YouTube Now Offers Progressive Web Application Installation Prompts / Digital Information World

The notable absence of a dedicated YouTube application for Windows is being fixed, the site is now accessible via a dedicated Progressive Web App (PWA).

This recent development, discreetly slipped into the omnibox of Google Chrome in the form of an installation prompt, was first noted by Yashpreet Singh. While it should be noted that the rollout of this feature is not technically recent, since people reported it a few months ago, but this time the sample population appears to be much larger. This very fact also holds true when aligned with a recent announcement from Google itself urging platform developers to develop offline capabilities for their respective PWAs, with the threat of download prompts in the omnibox being suspended until such changes are implemented. PWAs are becoming the hot new topic in the tech world, and Google apparently wants to stay on top.

All this PWA talk this and that, and we haven’t even taken the time to establish the PWA ‘What’. Allow this author to correct such errors. Essentially, a PWA is an app built from web technologies, such as HTML and JavaScript, but still works much the same as a mobile device app. Many developers have started to create PWA interfaces for their respective brands, with notable examples like Uber, Pinterest, The Washington Post, and even Starbucks. These are usually accessible in the form of a website visit using a browser such as Chrome or Microsoft Edge. When visiting, the browser’s omnibox will have a plus sign next to the URL. Clicking on it will bring up a pop-up text box, asking users if they want to install the app. And There you go ! They now have much of the same experience that a suitable mobile application can provide, and that works on multiple operating systems.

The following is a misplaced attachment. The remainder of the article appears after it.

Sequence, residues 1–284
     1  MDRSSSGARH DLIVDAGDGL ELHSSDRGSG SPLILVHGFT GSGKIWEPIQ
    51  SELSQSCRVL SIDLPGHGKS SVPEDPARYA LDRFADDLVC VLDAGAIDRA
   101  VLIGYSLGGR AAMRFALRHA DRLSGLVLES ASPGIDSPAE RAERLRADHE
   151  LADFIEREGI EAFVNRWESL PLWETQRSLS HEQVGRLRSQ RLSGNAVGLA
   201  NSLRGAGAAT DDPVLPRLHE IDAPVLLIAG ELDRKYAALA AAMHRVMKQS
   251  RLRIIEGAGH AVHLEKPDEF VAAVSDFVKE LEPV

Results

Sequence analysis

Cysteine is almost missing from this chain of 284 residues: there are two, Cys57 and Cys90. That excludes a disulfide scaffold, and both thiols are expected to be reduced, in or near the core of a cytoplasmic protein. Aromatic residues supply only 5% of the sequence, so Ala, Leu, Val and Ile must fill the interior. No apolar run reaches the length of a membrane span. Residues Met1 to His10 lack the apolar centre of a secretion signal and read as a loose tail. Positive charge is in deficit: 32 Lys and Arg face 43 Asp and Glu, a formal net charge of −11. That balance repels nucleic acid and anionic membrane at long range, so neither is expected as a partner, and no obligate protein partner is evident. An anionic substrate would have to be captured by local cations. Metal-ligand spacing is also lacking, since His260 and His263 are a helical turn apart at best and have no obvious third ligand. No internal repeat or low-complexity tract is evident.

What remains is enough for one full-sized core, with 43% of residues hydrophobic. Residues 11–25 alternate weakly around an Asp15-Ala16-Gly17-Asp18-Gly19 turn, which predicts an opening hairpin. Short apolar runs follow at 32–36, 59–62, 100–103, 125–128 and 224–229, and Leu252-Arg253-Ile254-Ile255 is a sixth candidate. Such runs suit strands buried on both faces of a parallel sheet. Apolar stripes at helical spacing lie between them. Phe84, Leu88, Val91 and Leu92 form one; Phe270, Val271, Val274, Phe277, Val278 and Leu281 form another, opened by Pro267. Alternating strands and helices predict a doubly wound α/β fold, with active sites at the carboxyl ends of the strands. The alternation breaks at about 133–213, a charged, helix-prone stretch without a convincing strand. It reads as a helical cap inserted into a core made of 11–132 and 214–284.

While this author doesn’t necessarily see the YouTube PWA overtaking its mobile app counterpart in terms of popularity, especially since the former doesn’t offer the same number of features as the latter so far, it’s still pretty nice to get a separate dedicated YouTube window on desktops. Especially considering how the platform has become a mainstay of all activities, whether they are casual in nature or even more subdued (i.e. lecture videos or tutorials). Either way, especially with Google’s PWA policies looming in the background, hopefully the YouTube desktop interface will only continue to improve and develop similar offline capabilities. to those of his mobile brothers.

Read more: Future Google Chrome Updates May Hide Progressive Web Apps Status Bar

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